Does the Enterprise Architect have special powers?
Some people think that what uniquely characterizes enterprise architects is that they are the ones who "get the big picture".
If this is true, it is because EAs have differently wired brains to the rest of humanity, or because their position and practices give them a different perspective on the enterprise? For a summary of a Twitter debate on this topic, see my blogpost Getting the Big Picture.
The next question is what this implies for the relationship between EAs and the rest of the enterprise. If EAs have these special powers of perception, do other people find this threatening? And how much of the Big Picture can be communicated? For a summary of a Twitter debate on this topic, see my blogpost Selling the Big Picture.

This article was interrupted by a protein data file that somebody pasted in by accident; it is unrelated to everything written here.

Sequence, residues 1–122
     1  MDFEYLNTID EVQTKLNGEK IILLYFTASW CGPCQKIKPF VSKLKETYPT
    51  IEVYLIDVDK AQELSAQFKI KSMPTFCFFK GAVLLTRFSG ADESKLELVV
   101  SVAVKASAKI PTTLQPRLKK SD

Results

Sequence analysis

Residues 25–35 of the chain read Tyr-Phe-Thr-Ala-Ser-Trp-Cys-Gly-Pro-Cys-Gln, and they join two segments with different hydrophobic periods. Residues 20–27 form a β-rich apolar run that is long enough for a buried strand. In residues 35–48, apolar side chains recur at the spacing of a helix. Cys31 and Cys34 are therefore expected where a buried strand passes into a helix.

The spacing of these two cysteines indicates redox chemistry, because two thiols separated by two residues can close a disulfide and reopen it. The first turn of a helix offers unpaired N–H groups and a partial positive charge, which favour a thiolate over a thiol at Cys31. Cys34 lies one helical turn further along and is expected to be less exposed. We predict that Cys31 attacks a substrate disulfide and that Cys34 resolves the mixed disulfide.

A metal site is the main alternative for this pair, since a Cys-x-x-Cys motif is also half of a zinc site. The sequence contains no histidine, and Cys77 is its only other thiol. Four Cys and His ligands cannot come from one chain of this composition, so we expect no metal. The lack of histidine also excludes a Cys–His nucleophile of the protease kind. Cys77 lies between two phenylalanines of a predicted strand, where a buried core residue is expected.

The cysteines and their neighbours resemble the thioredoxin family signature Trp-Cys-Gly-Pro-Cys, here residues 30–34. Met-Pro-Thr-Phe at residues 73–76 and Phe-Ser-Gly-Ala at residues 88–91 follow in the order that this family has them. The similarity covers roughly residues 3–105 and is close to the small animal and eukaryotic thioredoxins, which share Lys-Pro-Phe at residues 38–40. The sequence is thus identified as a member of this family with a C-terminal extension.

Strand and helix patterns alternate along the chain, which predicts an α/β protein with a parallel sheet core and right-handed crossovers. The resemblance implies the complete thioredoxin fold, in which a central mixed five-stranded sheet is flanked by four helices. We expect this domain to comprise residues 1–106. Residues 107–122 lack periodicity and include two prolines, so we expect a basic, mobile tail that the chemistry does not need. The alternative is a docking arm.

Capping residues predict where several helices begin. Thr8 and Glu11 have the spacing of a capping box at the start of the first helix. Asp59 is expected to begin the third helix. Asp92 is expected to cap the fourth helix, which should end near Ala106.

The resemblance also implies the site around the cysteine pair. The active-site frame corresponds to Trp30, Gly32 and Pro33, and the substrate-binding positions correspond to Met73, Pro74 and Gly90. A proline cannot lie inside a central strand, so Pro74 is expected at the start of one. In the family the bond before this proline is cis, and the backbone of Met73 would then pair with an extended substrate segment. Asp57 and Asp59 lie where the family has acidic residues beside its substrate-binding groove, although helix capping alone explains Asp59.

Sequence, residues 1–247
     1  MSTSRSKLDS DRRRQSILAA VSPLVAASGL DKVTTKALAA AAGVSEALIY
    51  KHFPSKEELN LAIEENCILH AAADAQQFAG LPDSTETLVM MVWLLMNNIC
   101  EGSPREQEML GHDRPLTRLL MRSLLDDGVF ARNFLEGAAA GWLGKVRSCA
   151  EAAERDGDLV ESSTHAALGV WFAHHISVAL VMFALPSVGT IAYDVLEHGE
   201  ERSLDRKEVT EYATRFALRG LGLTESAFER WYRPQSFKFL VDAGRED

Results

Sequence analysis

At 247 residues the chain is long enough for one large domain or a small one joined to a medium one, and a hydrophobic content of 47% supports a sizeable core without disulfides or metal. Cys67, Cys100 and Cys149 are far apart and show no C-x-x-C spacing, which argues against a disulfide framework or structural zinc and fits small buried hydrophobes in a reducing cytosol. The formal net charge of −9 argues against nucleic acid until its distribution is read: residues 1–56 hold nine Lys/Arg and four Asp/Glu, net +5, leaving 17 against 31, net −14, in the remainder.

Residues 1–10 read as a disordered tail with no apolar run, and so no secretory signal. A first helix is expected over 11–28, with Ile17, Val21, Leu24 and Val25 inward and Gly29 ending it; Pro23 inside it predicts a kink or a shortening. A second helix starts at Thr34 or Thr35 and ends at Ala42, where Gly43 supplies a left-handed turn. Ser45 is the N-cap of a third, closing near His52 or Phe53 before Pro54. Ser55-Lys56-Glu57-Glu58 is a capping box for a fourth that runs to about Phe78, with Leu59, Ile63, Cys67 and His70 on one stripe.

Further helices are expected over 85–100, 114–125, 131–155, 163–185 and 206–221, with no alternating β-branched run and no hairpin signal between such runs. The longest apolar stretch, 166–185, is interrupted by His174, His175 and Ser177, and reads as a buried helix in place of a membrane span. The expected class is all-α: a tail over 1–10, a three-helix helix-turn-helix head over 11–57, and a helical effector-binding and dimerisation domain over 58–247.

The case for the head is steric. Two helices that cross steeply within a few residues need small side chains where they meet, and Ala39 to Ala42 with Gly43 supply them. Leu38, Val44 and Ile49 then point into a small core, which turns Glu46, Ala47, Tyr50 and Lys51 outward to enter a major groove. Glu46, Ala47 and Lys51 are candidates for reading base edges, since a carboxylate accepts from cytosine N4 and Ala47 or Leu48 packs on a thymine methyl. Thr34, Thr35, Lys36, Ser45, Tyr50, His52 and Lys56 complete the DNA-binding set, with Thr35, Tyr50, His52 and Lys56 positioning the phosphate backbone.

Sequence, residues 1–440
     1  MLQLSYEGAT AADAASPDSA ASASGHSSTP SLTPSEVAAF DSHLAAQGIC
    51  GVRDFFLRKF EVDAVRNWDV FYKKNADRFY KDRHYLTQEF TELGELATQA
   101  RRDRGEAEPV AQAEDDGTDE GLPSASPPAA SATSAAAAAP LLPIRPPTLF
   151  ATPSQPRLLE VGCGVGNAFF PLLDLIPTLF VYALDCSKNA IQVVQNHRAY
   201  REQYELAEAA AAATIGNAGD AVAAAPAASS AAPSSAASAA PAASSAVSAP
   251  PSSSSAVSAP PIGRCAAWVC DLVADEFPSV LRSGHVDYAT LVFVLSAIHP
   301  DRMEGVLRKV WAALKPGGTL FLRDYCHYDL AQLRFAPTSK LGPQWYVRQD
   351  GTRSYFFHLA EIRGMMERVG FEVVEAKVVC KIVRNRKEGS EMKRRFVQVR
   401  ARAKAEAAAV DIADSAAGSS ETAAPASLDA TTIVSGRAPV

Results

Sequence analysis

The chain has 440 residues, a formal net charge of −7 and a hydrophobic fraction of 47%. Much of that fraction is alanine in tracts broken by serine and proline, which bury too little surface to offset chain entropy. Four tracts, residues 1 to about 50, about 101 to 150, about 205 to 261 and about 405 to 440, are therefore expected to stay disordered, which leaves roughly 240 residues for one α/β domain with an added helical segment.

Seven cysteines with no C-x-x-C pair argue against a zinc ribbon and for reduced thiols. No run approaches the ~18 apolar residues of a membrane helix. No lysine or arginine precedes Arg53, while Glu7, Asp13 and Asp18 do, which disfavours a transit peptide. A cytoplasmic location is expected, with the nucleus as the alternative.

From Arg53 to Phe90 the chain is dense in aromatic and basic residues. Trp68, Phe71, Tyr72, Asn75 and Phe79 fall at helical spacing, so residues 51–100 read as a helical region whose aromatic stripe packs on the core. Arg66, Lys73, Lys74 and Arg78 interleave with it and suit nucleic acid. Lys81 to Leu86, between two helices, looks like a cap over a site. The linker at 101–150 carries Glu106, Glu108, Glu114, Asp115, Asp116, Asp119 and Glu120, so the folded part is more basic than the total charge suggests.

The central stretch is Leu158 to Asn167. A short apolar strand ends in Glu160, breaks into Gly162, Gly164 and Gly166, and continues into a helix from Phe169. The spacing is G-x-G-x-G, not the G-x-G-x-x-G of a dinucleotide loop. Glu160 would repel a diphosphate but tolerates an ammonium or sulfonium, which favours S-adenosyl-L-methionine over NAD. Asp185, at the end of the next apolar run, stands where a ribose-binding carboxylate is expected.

When I raised this question on the Enterprise Architecture Network group on Linked-In, Graham Berrisford thought this was a bit tautologous. "Enterprise Architecture is the big picture, therefore Enterprise Architects are the ones who have the big picture."
But it is only a tautology if that's how you define enterprise architecture and if you only recognize one kind of "big picture". Stock market analysts and venture capitalists might have an entirely different "big picture".
To the extent that enterprise architects have a single set of lenses for viewing the enterprise (e.g. Zachman), their claim to have THE big picture is disputable. (Hence my interest in lenscraft - the use of multiple lenses providing alternative perspectives.)
Tuomo Stauffer suggested that the big picture comes from the board. In which case EA's job is not to "get" the big picture but to codify it.
But my question wasn't just whether the association between enterprise architecture and big-picturehood was true, but also what this association would imply (a) for the recruitment and development of EA skills and (b) for the (possibly threatening) relationship between EAs and the rest of the management world.
See also Special Powers of the Architect - Abstraction (Feb 2013)